Seeded acres have been reported and StatsCan has field peas down more than originally expected, dropping to 3.8M from 4.2M. It is expected that this drop will encompass more green peas, however yellows and specialty peas will be down too. Therefore, supplies may be tight for this next marketing year, unless the weather smartens up and yields are exceptional. Having a positive price reaction looks favorable but this may not come into play until later in the year once China’s demand is known. Hopefully, we can see green peas move back into a premium, with acres being decreased. Current pricing has not seen any change from last week. Yellow peas are at $10.00/bu delivered (9.50/bu FOB), with new crop values at $8.50/bu FOB; $9.00 may be available in limited areas. Old crop green peas are priced at $9.50/bu FOB and new crop is at $9.00/bu FOB. Maple peas have yet to see much change with old crop at $9.50 – 10.00/bu and new crop at $9.50/bu FOB.

Canaryseed is starting the week off strong. We have buyers that have purchased old crop product at  $0.35/lb FOB farm  for Summertime movement on firm offer. New crop is also strong with prices moving to $0.33/lb delivered plant at the end of last week and still sticking around. Even with some areas looking for moisture at this point in time, getting 10bu/acre on the books doesn’t seem like a terrible play given the historically high value and contracts including an Act of God. We have booked quite a few acres so far so talk with your merchant if you are interested in getting some acres locked up. Seed sales are very close to coming to an end, but if you need some last-minute supply, give us a call and we can help you out.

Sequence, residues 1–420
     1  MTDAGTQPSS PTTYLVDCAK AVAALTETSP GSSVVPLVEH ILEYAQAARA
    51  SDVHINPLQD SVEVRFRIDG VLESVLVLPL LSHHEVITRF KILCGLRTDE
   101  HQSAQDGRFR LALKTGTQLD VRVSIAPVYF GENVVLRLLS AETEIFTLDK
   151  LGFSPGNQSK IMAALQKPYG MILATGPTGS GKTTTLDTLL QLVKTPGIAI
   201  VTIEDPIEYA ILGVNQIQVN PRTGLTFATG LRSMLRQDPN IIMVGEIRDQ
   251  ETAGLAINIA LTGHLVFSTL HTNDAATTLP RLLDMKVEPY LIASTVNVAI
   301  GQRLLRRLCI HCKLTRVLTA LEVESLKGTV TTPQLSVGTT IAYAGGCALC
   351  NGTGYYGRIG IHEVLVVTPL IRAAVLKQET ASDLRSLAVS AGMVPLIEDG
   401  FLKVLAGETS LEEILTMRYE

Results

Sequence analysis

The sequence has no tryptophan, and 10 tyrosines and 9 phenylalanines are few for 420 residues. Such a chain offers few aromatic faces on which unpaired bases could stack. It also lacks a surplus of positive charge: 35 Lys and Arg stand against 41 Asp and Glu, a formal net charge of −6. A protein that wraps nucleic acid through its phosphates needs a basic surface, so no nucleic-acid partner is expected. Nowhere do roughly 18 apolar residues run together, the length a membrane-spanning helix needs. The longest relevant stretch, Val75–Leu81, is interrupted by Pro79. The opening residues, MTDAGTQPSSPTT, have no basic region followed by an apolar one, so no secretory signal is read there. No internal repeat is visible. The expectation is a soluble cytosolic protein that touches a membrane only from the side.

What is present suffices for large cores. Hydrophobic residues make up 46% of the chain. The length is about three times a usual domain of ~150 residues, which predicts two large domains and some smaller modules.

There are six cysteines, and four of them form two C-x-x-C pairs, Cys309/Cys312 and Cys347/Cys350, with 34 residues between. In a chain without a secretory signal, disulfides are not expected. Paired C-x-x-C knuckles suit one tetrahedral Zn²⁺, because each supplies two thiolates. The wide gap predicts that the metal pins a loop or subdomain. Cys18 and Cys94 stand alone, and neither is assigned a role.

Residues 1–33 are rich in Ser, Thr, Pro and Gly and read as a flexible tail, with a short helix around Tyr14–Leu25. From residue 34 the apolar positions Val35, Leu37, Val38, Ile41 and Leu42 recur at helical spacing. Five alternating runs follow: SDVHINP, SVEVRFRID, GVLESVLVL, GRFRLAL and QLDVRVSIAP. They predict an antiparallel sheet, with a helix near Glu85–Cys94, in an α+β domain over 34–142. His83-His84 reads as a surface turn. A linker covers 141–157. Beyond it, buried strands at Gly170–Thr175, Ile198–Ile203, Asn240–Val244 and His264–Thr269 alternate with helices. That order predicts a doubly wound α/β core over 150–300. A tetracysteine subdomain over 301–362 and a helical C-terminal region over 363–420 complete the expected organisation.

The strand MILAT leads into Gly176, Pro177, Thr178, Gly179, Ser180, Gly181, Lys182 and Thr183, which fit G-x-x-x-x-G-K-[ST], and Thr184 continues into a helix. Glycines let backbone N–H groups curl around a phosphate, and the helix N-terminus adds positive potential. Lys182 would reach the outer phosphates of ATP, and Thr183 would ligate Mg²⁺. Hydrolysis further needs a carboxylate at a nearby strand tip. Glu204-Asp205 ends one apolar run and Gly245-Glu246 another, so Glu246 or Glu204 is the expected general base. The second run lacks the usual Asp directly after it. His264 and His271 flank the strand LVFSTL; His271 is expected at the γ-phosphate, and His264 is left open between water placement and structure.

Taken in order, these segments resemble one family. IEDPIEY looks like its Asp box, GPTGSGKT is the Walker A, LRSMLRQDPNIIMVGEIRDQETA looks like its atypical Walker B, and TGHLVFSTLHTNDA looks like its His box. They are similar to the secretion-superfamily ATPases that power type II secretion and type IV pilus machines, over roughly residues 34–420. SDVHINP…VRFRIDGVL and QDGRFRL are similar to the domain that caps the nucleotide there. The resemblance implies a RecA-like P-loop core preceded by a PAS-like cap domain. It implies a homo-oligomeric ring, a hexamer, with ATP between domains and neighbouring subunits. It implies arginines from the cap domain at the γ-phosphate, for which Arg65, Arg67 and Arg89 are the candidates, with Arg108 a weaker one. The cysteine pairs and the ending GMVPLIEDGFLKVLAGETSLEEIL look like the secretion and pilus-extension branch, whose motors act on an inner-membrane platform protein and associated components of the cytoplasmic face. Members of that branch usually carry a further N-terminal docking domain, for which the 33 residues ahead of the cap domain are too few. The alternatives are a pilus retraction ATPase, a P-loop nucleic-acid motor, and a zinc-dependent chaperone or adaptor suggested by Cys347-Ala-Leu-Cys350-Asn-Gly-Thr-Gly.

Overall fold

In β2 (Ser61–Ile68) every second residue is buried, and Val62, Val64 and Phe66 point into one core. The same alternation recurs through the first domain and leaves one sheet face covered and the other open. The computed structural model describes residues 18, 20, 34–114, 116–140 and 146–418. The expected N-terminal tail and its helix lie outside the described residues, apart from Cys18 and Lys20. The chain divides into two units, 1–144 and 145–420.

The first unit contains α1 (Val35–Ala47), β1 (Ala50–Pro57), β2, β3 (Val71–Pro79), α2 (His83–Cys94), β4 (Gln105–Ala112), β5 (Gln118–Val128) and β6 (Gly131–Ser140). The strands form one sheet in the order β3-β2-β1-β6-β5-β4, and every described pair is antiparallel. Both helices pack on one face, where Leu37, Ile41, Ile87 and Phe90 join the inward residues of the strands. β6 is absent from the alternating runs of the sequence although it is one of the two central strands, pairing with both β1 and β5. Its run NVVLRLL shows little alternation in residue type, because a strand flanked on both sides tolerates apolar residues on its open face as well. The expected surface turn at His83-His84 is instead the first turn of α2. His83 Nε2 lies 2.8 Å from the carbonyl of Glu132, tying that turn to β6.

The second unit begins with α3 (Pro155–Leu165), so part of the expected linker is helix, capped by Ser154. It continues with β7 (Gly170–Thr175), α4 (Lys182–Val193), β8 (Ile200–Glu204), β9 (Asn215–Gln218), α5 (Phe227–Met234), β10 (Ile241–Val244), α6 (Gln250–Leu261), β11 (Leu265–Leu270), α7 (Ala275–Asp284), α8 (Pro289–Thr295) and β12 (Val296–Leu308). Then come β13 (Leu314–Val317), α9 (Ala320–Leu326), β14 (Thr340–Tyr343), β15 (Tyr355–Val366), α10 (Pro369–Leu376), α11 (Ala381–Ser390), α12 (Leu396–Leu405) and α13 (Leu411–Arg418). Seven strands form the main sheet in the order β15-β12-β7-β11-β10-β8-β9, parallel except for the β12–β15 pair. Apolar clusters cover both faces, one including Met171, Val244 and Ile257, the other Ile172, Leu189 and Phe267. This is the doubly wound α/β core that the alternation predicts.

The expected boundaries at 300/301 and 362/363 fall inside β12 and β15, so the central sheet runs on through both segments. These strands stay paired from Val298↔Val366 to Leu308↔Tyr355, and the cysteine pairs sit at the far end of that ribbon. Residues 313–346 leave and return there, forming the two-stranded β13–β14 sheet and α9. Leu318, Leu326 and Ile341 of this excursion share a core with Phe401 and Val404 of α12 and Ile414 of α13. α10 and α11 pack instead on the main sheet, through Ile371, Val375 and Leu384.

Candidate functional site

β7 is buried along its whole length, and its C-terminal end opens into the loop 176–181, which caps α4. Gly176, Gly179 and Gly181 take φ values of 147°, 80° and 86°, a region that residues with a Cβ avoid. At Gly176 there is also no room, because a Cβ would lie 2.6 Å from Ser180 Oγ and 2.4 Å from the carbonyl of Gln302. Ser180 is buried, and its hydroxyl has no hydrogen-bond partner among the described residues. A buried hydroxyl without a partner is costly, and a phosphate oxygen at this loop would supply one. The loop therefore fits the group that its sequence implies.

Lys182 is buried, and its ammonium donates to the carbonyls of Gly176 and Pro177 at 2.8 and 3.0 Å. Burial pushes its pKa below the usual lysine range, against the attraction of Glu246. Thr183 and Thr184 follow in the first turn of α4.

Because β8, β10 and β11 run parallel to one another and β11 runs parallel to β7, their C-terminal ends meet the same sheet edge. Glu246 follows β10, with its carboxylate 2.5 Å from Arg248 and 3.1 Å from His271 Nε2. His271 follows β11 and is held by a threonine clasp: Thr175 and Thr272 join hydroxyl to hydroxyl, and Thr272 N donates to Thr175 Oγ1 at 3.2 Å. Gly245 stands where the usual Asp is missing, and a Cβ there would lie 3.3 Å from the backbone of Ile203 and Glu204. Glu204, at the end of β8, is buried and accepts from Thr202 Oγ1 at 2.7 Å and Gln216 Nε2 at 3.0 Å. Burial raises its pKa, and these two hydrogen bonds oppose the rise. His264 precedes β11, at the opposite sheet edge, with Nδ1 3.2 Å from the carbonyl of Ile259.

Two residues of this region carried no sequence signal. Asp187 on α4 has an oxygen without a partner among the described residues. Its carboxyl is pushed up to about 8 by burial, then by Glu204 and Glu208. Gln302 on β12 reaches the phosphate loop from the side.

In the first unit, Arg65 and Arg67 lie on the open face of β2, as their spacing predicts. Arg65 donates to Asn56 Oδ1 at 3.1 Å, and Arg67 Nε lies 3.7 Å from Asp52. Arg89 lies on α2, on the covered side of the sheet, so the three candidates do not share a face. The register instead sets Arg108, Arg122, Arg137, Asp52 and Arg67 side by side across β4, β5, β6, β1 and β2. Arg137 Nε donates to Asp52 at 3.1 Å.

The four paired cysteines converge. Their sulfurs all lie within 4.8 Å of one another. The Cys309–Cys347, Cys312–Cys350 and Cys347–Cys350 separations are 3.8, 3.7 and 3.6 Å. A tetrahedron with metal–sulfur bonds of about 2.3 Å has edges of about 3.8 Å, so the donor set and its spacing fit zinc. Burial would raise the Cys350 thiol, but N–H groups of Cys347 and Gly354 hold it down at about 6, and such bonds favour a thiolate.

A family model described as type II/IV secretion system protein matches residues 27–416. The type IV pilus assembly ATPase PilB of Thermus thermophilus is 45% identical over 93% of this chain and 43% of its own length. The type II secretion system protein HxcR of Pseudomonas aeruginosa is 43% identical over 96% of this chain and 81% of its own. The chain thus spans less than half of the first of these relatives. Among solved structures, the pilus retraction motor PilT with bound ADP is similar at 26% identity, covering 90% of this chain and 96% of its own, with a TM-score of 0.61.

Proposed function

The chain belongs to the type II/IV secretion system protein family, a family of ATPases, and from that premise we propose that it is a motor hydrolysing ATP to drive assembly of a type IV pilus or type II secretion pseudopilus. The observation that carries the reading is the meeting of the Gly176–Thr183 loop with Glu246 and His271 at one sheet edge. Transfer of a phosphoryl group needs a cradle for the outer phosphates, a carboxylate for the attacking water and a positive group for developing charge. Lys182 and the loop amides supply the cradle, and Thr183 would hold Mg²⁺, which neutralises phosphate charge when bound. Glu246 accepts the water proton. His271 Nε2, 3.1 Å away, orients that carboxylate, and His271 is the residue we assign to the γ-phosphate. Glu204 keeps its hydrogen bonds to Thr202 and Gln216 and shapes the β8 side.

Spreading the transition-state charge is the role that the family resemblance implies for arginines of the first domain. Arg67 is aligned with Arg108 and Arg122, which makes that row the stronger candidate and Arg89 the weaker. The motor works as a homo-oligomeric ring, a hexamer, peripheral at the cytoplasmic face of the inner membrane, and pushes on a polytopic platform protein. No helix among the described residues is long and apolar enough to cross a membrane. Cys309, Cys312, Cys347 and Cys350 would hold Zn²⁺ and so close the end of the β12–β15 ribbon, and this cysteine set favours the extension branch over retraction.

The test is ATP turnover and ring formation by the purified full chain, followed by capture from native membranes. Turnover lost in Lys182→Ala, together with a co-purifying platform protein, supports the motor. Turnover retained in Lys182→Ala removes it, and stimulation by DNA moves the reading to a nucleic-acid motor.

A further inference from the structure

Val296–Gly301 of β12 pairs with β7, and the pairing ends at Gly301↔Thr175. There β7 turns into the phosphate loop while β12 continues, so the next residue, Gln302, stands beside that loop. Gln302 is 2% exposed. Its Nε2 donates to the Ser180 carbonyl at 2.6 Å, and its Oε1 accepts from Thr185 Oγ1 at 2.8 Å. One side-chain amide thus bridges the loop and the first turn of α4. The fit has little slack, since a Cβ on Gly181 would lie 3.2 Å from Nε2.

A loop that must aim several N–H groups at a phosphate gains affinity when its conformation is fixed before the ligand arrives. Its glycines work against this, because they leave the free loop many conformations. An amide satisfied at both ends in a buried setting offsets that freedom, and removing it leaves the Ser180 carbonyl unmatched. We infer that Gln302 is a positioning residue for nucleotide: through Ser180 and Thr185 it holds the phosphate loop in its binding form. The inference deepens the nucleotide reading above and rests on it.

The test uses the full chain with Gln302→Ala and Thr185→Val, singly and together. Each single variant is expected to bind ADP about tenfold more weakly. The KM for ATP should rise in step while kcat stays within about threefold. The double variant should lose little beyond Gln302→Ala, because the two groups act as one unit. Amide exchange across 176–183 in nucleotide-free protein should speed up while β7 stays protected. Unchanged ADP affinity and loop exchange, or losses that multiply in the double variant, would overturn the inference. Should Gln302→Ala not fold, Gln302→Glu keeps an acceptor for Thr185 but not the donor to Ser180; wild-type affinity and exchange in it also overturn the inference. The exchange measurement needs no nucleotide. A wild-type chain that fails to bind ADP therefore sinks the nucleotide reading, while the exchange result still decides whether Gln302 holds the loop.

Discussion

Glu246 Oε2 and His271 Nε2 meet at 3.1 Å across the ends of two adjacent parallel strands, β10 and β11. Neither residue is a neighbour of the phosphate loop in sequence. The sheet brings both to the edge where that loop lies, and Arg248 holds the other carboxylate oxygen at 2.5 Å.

Barley markets remain steady without much new and exciting to talk about. The price for old and new crop has come up slightly this week with spot bids reaching $6.50/bu FOB farm in Central SK and production hitting $5.75/bu in Eastern AB. The story remains the same, a “hot” feed market and a lackluster malt market. Covid has had a big impact on malt barley and with sports venues, concerts, fairs etc. being shut down, demand for malt just isn’t what we normally see. Luckily, record high feed markets are there to alleviate the lack of a malt market. As is with anything, this feed market could very well drop off overnight and with current demand driven by China, it’s highly suggested that you don’t miss the “boat” on this one. Our general suggestion: sell what’s in the bin and make room for new crop. At the end of the day, production is not too far away and at a $1/bu discount, we’d hate to see those bids converge while there’s still product in the bin. Hedging the downside on old crop is likely a good play. As for new crop, locking in 25% of your expected bushels at a higher-than-average bid is a great starting point. This puts some relief on your shoulders knowing you you’ve secured movement, bin space and cashflow, leaving you with another 75% to play the open market with when the time comes.

Flax prices remain sideways for another week on old and new crop. While there are still opportunities for old crop flax, it seems the market has topped off and the pool of buyers willing to hit the highs of the year is dwindling. New crop prices remain strong with bids ranging from $16-$16.75/bu FOB with an act of God, depending on movement timeframe. According to customs data from China, there was 34,000 tonnes of flax imported in March. Twenty thousand tonnes originated from Canada, while the remainder was split between Kazakhstan and Russia. Exports from the Black Sea region were lower in the earlier months of 2021, likely caused by some hurdles at the Chinese border. With seeding starting up in a few areas of the province, make sure you get our alerts for any changes in the market.